8 investment ideas to achieve affluence in the year of prosperity
Financial experts said active portfolio management is crucial amidst economic uncertainties.
Feng shui experts predict that 2023 will be a year of hope and prosperity, however, financial experts warned that familiar foes like inflation and geopolitics like the rivalry between the G2 powers of China and the US will continue to haunt investors during the year.
Stefanie Holtze-Jen, APAC chief investment officer of Deutsche Bank International Private Bank, shared eight investment ideas that can help investors to navigate systemic risks.
Liquid and investment-grade bonds from the US and Europe
According to Holtze-Jen, yields and quality are now no longer mutually exclusive.
“European bank bonds, for example, would seem to be worth greater consideration because underlying capital adequacy and credit risk data have improved substantially in recent years,” she said.
Standard Chartered reported that the 10-year US government bond yield is expected to rise towards 3.75% to 4.0% in the first quarter of 2023 given that the Federal Reserve is maintaining “tight financial conditions for now.”
Citibank, in a separate report, had a similar take saying that they see “potential for pursuing portfolio income” with short- and intermediate-term US dollar-denominated bonds.
Speaking of bonds, Holtze-Jen said active bond portfolio management will remain the watchword in 2023. She said adding floaters, or bonds with variable returns, to the portfolio might be helpful to investors.
Europe and the US are expected to see economic recovery in 2023 following their “shallow recession path,” supporting most commodities.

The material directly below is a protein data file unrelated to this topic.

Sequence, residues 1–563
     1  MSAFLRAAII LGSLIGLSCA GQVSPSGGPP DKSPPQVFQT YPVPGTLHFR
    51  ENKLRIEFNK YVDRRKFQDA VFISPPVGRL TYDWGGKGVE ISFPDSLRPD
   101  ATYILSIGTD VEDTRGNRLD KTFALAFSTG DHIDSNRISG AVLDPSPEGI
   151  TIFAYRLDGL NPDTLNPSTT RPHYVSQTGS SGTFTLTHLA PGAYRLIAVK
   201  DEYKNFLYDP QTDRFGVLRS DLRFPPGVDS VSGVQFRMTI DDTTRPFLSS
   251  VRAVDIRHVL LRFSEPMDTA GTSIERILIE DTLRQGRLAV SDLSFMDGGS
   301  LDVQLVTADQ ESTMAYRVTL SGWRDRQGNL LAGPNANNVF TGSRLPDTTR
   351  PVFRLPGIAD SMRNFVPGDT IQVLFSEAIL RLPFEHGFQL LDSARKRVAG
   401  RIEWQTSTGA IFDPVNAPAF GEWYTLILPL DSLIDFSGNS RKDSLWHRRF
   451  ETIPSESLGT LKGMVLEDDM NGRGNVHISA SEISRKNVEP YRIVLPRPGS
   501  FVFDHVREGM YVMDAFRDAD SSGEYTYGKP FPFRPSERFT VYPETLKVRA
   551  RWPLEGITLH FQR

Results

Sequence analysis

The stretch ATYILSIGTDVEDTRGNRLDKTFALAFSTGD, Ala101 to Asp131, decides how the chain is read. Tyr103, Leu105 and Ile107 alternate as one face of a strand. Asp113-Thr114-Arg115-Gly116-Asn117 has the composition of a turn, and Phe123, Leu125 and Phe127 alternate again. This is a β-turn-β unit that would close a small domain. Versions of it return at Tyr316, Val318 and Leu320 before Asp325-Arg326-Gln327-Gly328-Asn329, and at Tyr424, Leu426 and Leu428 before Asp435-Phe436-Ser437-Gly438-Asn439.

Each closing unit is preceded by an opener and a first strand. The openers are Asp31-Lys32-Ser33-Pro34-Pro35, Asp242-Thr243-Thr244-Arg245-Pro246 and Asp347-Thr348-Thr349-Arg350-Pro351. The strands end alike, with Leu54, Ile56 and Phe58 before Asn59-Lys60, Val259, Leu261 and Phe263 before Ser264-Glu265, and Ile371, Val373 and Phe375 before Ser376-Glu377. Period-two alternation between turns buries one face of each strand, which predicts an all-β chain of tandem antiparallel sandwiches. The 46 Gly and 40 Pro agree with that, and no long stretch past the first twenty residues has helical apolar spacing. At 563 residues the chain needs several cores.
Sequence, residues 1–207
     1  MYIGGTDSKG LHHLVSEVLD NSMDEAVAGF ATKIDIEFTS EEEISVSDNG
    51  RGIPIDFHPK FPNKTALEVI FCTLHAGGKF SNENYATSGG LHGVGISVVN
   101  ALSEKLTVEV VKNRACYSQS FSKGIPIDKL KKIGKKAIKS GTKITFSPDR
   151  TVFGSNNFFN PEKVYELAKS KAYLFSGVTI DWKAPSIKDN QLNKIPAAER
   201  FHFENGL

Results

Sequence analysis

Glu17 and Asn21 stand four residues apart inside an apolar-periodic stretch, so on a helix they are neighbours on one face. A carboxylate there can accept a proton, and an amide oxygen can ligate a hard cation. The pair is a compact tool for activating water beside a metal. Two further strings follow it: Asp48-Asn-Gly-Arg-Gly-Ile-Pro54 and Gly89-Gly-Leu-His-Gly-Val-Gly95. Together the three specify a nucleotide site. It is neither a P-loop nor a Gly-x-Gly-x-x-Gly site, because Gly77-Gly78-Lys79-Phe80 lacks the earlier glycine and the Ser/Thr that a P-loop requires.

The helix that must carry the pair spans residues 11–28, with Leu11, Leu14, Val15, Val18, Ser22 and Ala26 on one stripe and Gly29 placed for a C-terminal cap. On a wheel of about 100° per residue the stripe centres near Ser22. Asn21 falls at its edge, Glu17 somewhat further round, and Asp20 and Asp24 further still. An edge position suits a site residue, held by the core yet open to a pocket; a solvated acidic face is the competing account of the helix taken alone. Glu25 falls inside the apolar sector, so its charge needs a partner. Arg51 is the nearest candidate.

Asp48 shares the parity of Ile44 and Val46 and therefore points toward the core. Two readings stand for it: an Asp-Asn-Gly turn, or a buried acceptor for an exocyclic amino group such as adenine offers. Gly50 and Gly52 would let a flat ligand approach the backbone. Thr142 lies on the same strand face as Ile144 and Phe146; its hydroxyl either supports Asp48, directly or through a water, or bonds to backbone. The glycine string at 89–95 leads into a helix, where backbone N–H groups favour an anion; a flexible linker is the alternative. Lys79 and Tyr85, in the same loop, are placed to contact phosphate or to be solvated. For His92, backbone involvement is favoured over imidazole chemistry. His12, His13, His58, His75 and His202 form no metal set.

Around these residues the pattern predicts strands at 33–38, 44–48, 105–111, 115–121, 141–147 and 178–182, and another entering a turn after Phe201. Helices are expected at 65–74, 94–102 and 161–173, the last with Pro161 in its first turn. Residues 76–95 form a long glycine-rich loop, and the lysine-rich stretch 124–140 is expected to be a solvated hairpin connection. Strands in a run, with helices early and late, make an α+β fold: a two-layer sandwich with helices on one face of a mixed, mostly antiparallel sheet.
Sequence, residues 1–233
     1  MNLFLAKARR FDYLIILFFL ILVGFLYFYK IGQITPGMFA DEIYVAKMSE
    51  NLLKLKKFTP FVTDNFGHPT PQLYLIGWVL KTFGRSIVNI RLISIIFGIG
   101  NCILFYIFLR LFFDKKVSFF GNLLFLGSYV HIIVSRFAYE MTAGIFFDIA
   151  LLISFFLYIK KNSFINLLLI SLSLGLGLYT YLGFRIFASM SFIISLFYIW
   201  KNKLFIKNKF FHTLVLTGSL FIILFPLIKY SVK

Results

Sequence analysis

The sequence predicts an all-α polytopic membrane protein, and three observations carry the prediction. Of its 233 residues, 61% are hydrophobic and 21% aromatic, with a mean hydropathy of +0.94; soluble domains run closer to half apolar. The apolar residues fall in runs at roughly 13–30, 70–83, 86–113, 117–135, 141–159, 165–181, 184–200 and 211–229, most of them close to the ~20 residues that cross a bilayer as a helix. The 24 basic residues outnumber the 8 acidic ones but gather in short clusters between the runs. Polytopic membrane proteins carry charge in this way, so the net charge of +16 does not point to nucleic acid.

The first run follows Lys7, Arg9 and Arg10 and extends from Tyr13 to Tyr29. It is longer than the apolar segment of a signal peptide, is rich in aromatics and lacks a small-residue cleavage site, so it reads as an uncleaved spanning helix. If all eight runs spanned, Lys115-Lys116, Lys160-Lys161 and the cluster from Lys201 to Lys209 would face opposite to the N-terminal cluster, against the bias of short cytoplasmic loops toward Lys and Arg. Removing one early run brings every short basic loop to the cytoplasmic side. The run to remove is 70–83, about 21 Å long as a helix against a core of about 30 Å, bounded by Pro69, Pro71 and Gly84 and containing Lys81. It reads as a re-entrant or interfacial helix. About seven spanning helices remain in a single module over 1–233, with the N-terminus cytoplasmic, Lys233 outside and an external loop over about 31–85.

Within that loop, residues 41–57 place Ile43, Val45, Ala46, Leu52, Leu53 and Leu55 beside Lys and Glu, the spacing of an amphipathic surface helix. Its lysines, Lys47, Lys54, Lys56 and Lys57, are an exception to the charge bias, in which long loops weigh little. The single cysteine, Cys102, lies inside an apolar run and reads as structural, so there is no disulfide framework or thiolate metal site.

“As the US Dollar turns around, the currencies of commodity-exporting countries such as Australia, Canada, and Norway seem to have catch-up potential,” Holtze-Jen said.
Standard Chartered said Australian dollars (AUD) and Canadian dollars (CAD) are likely to “trade range-bound over the next one to three months as the risk of a global growth slowdown is likely to cap commodity prices.”
“However, as we move through 2023, the broad-based USD weakness, expected improvement in China’s growth outlook and the correction of the fundamental undervaluation based on Terms of Trade, especially for AUD/USD, are likely to enable commodity currencies to appreciate by 3-5% vs the USD,” Standard Chartered reported.
Within emerging markets, Holtze-Jen said countries like Brazil, Chile, and Peru or “the ones that are profiting from high commodity prices” look good for FX exposure.
“South America’s central banks were also quick to start raising their base rates which support their currencies,” she added.
Cyclical, cheaper stocks
Investors were advised to look at stocks from sectors that are more cyclical and cheaper in valuation.
For cyclical stocks, Holtze-Jen picked financials, materials like chemicals, and energy stocks since they trade at depressed valuation levels on a historical comparison.
Those wanting to position themselves more defensively must consider stocks from cheaper sectors such as healthcare.
“The sector offers above-average earnings growth supported by strong secular trends at a reasonable price,” the expert said.
According to Citibank, demand for healthcare “will likely grow faster than the economy over time.”
“We favour healthcare stocks. They have outperformed the broader market in seven of the past eight times the economy decelerated…We see a compelling case for portfolio exposure to this source of long-term growth,” the financial services company added.
Those investing in stocks must also buy from companies with a strong price-setting power, advised Holtze-Jen, adding that these firms are “likely to be able to pass rising costs on to consumers and thus sustain their margins in prolonged inflationary periods.”
“Stocks, unlike bonds, could show rising nominal returns during inflationary phases,” she added.
In terms of location, Asian investors should look into Europe, given the acuity valuation discounts in the region seem to be “disproportionately high” despite the economic and geopolitical risks.
“Extensive fiscal programmes and high levels of savings should buoy private consumption and expected stronger Chinese growth will be important to many European companies,” Holtze-Jen commented.
Standard Chartered advised investors eyeing investments in Europe to look into “financials given inexpensive valuations and improving earnings on the back of higher interest rates.
“We also prefer the energy sector, given the still significant sector discount, compared with history,” the financial services company said.